• 9849-xxx-xxx
  • noreply@example.com
  • Tyagal, Patan, Lalitpur


even though the handcrafted part of Hackaday is still in its infancy, we expected to put up a publish on conventional japanese sword making by now. What [Kelvin] sent in to the suggestion line far surpases the artistry of forging a katana by hand. It’s a tsuba, the hand guard for a katana, and over the course of two videos (one and two), you can see this masterpiece of conventional metalworking methods take shape.

Tsubas typically are available in a matched set, one for the katana, or long sword, and another for the wakizashi, a somewhat shorter sword. [Ford Hallam] was asked to build the tsuba for a katana that had been lost to the sands of time. Fortunately, a black and white photograph of the original in addition to the matching wakizashi tsuba were available for reference, making the design of this tsuba an exercise in replication.

The piece of metal this tsuba was built from is constructed out of a somewhat customized conventional alloy of 75% copper and 25% silver. After the blank was cast, many, numerous hours of scraping, filing and hammering began before the design was laid out.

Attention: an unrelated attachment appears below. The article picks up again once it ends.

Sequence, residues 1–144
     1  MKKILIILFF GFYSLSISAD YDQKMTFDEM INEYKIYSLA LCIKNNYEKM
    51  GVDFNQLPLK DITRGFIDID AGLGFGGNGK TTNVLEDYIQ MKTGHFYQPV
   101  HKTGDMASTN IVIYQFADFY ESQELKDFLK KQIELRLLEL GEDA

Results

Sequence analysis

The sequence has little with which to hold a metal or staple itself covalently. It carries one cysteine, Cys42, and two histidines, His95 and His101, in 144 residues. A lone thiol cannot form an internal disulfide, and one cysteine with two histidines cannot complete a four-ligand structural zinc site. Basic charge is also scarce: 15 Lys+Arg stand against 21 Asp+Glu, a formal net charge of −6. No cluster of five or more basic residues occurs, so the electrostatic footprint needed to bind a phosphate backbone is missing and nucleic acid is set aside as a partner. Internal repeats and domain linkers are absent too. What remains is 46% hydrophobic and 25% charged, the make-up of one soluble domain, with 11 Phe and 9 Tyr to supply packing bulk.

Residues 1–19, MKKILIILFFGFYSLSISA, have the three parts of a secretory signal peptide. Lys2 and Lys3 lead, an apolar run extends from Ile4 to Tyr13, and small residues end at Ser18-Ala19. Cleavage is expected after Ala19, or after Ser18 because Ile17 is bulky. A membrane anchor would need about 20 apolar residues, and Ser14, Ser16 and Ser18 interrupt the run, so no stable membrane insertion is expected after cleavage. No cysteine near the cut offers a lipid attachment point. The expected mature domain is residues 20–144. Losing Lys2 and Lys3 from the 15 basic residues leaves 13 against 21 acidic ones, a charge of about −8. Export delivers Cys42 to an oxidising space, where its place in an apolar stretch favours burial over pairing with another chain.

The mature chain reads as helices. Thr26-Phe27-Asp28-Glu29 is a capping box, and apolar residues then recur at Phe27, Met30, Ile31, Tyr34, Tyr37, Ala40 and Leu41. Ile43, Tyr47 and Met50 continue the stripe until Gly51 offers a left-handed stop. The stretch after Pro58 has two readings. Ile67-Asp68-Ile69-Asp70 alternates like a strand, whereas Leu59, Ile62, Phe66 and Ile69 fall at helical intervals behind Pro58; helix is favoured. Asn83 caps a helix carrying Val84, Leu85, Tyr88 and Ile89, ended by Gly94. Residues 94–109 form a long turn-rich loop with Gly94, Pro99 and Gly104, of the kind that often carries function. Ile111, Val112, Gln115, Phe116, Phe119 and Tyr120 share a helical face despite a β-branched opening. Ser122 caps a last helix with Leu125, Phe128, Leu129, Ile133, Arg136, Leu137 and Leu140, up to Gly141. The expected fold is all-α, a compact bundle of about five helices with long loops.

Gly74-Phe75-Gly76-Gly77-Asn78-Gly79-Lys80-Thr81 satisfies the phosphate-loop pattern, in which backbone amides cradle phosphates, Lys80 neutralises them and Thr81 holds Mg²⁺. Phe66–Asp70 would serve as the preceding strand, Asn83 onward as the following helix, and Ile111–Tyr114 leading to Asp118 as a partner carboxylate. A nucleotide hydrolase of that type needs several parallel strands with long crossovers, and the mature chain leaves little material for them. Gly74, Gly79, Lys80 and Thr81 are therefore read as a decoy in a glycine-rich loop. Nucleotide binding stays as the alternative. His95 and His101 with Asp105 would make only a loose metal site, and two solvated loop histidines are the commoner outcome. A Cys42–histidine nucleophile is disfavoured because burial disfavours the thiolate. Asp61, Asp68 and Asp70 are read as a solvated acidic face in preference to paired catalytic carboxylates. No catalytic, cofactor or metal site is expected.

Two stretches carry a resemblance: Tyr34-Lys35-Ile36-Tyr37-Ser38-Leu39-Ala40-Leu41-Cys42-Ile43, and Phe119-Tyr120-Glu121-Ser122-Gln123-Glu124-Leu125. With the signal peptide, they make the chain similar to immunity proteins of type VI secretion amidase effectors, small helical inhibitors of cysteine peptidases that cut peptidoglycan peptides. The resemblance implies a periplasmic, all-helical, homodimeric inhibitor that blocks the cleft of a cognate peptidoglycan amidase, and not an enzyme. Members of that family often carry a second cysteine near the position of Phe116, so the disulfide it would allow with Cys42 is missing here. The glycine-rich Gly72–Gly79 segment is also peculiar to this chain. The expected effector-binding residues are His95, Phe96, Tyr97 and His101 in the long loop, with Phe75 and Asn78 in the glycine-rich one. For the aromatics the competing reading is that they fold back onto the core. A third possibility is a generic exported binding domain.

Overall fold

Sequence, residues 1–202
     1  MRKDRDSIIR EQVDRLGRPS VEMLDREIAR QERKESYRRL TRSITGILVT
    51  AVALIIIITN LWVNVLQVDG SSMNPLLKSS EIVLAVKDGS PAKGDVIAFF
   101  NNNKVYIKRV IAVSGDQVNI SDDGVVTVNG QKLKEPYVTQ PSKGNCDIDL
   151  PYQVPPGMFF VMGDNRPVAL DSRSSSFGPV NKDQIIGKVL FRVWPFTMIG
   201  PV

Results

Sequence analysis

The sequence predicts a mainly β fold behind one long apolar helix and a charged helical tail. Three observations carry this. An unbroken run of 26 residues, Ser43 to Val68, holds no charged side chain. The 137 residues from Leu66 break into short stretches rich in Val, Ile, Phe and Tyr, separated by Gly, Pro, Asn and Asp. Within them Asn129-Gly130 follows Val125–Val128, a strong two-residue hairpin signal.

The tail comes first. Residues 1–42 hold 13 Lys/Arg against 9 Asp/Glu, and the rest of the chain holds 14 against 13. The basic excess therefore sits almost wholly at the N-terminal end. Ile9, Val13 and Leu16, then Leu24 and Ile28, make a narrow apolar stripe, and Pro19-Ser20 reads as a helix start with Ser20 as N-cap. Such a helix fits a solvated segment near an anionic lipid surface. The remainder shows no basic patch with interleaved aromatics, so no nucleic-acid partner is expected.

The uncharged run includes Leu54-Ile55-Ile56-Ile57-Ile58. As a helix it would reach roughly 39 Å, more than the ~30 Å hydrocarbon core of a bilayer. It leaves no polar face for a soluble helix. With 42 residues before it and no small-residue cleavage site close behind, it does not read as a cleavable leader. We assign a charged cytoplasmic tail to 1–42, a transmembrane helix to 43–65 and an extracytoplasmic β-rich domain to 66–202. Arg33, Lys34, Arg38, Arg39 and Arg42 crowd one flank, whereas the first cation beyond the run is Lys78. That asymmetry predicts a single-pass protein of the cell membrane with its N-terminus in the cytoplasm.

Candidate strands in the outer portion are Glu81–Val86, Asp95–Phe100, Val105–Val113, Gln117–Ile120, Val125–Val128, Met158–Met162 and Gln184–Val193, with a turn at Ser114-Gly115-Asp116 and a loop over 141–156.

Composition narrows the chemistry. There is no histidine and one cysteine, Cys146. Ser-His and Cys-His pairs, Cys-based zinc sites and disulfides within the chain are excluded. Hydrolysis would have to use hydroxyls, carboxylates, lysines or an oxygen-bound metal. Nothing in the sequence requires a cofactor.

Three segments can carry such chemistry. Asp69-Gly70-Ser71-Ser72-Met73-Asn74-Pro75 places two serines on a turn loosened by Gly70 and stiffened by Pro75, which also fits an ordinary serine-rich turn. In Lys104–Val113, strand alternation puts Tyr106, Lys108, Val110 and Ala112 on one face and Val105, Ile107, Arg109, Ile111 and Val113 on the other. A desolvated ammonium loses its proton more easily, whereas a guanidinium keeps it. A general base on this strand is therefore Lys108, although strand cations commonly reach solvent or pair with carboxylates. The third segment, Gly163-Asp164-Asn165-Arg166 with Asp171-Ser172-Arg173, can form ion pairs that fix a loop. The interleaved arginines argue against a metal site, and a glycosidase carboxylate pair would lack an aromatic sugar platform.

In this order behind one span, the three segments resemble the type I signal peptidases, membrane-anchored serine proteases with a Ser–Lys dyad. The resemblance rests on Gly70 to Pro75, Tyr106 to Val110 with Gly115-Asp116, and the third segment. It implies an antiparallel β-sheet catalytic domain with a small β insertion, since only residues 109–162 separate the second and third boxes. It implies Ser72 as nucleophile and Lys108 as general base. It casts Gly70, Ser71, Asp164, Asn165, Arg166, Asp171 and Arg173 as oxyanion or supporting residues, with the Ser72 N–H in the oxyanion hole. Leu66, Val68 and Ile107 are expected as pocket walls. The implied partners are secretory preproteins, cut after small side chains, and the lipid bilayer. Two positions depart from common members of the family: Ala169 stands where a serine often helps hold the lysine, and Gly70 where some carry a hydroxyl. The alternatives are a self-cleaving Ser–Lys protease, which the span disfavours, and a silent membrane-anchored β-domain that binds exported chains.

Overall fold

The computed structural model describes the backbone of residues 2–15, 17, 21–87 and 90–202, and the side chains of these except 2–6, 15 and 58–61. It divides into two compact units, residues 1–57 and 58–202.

The craftsmanship in this tsuba is, rather simply, insane. There are about 100 different pieces of metal inlaid into the tsuba to emulate the tiger’s stripes, and numerous hours of work in hand carving every leaf and every bit of fur.

Even more, no power tools were utilized in the creation of this hand guard; everything was crafted utilizing the exact same methods, tools, and materials as the original tsuba. A masterful piece of craftsmanship, indeed.

Leave a Reply

Your email address will not be published. Required fields are marked *